Maybe because between the past and the future there are so many colors here, cut down the middle by this winding gravel road of home.

It makes me wonder what memories were held in the hearts of those people who have long ago returned to the earth. What would they think if they saw us driving our fancy cars to houses that sometimes feel too big to hold the love, if that even makes sense at all?

How far away I feel from that life some days even though I believe our goals haven’t changed — to do the best we can on a landscape where trees grow, calves are born, ground is tilled and minds are inventing ways to make the living easier.

Inside those old houses they ate, prayed, laughed and worried in the dark just as we do in our houses with too many screens and not enough vegetables while the wind blows and knocks on our windows, reminding us that this place is not ours solely and rightfully and individually.

One day we’ll abandon these houses in decision or death, and there will be new generations searching these roads for our story.

So we should tell it now, honest and true and leave to them what they need.

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“This Road”-Jessie Veeder Live

Defining a good life

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January’s the longest month up here. It’s the coldest. The days are short and the nights of darkness drag on. If you’re prone to depression, this is when it hits you hard. The holidays are over and the appeal of the fuzzy sweater sort of hunkering down has worn off, making you crave a tropical vacation, or at the very least, a warm up to above zero so you can throw a proper sledding party.

These past few weeks have ticked by slowly for us. With a new baby, it’s not so appealing to bundle everyone up and head out on an errand, a visit or for activity that’s not necessary, although I have made a few trips to help avoid cabin fever. And, since dad’s been in the hospital since Halloween, it’s been strangely quiet around here. My husband has taken to the chores and ranch management alone, with the occasional “help” from his little family when it’s warm enough for us to come along for the ride.

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Feeding cows happens for him when he gets home from his day job after the sun has set. Depending on how our timing works out, he may or may not have supper with us and he may or may not be home in time to say goodnight to Edie.

When my dad’s around some of the chores are split a bit, helping to ease the time burden that comes with a full time job.

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Since dad’s been sick, and on his worst days teetering on the brink of death, we’ve had a chance to realize what it must have been like for my family out here after my grandma and grampa died. It explains why my parents haven’t spent much of their time sitting still. And it explains why most of my memories are of riding along with my dad, on a horse, or in an old feed pickup. Because that’s the only chance we got to spend time together. And we’re so lucky that he didn’t see us kids in the passenger’s seat or on the trail behind him as a burden and even more lucky that he made watching him and helping him work a fun adventure, full of laughs and appreciation for the beautiful place, even when he was armpit deep in fixing a plugged water tank or up to his neck in bull-berry brush fixing fence on a 90 degree day.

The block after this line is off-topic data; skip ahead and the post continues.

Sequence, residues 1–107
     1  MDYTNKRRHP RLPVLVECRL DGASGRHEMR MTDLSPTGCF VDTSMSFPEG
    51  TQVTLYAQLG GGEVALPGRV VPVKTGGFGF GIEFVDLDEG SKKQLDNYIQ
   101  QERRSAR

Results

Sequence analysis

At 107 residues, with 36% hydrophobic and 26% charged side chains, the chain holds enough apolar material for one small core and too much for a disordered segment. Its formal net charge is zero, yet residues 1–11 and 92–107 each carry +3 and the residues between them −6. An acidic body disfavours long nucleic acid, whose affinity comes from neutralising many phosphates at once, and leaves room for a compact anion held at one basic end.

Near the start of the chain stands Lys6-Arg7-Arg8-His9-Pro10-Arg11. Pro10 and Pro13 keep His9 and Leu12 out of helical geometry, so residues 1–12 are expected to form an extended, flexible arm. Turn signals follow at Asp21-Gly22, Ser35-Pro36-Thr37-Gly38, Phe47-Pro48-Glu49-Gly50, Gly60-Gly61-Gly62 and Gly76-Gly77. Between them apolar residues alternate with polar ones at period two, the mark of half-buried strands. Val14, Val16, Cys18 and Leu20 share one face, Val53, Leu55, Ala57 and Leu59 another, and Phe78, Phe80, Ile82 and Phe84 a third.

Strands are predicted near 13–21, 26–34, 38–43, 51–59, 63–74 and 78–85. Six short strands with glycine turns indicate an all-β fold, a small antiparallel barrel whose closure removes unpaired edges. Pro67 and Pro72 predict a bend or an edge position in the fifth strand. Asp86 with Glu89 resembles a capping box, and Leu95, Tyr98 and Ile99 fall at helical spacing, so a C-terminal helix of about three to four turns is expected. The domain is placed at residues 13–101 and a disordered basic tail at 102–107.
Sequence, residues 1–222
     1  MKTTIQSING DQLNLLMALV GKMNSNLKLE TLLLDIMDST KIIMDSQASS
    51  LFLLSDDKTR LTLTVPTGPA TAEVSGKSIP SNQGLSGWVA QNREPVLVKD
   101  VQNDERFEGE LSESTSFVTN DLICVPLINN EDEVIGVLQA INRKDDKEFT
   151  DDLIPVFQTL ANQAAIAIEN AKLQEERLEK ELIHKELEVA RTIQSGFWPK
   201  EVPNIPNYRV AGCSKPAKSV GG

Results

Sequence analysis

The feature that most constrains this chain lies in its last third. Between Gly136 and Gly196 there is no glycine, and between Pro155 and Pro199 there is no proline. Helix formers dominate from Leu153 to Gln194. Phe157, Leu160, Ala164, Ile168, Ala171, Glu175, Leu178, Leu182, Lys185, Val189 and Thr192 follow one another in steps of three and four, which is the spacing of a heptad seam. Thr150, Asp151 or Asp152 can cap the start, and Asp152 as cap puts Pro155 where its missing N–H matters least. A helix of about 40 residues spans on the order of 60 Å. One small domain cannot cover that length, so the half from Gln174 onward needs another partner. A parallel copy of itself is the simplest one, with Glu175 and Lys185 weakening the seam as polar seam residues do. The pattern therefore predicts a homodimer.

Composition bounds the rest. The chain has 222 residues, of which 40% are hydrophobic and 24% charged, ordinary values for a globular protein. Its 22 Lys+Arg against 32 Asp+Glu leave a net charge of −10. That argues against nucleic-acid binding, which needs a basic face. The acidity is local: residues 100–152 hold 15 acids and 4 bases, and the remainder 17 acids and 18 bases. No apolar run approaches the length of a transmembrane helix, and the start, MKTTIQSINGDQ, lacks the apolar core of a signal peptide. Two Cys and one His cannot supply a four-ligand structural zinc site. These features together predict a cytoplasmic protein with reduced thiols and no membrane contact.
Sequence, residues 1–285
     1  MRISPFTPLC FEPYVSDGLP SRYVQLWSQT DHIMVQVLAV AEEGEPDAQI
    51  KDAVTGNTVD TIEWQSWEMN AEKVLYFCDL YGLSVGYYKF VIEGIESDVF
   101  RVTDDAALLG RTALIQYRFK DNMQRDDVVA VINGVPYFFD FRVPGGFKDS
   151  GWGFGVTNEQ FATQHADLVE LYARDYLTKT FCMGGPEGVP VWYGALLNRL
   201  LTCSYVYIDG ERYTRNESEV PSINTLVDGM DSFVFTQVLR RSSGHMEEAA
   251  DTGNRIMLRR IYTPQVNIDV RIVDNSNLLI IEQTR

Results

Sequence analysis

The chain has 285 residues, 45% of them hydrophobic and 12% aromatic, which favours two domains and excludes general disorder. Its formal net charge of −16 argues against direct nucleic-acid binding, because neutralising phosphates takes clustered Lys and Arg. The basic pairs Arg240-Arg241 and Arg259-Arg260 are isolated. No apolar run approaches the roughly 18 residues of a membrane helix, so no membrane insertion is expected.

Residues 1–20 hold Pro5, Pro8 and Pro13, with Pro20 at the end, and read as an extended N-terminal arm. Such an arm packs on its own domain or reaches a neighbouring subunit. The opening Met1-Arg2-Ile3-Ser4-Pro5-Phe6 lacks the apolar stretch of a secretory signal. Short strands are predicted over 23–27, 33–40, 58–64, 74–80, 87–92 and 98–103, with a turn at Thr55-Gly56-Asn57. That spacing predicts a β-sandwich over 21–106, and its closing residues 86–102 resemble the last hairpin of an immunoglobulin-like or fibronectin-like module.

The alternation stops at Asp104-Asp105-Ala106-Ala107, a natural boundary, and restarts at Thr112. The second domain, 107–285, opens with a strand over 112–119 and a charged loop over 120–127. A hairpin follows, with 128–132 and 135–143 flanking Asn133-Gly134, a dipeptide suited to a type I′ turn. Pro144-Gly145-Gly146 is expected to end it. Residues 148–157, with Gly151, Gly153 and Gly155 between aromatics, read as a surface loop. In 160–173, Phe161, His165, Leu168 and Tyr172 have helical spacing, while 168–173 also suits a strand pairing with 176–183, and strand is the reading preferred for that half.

I realize now that for every time he took us along he was sort of sacrificing his time, slowing down his pace to have us there beside him. I didn’t realize how much value time held out here until coming home as an adult and trying to make it all work, fit it all in, family, work and ranching. Each minute of daylight is gold and it can be maddening if you let it take you over. But I don’t remember noticing.  I guess that’s a testament to the way I was raised and the good memories I chose to keep close.

Pops and Me on a horse

I can only hope we can do the same for our girls, to take them along and take the time to point out the grouse in the brush, the deer on the hillside, the way the moss grows on the rocks and the frogs croak at night. That’s the only way they’ll love it the way we love it, is if we show them why it all matters so much.

But if we falter, I’m happy to report, we will soon have Papa home to set us straight, to show us the things we haven’t learned yet, to set us on the right path and to teach his grandkids about the backs of horses.

Yes, after nearly three months of hospital stays, and a long, scary stint in the ICU, dad is in recovery, working on building up his strength to come home. And we’re so thankful, knowing how easily it could have turned the other way.

Thank you for all of your thoughts and prayers. We will be so happy to have him here to continue to live this life we call good.

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Coming Home: How to define a good life
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I woke up to the sun slowly appearing over the big hill that faces our tall windows.

“One ribbon at a time” is a quote I read somewhere describing the sunrise, and I recite it in my head as the pinks, purples and golds appear in the sky just long enough to transform and fade into blue.

Some mornings I don’t take the time to notice it the way I used to before the babies arrived, but when I do, it always reminds me of the reasons we moved back home to the ranch seven years ago.

Has it been seven years already? That number sounds so permanent to me, as if the house and the kids and the cattle aren’t enough solidification of the decision we made when we were so young to plant our lives here for good.

“For good.”

When I say it that way it means forever, but I look at it here, written down, and I feel compelled to define it.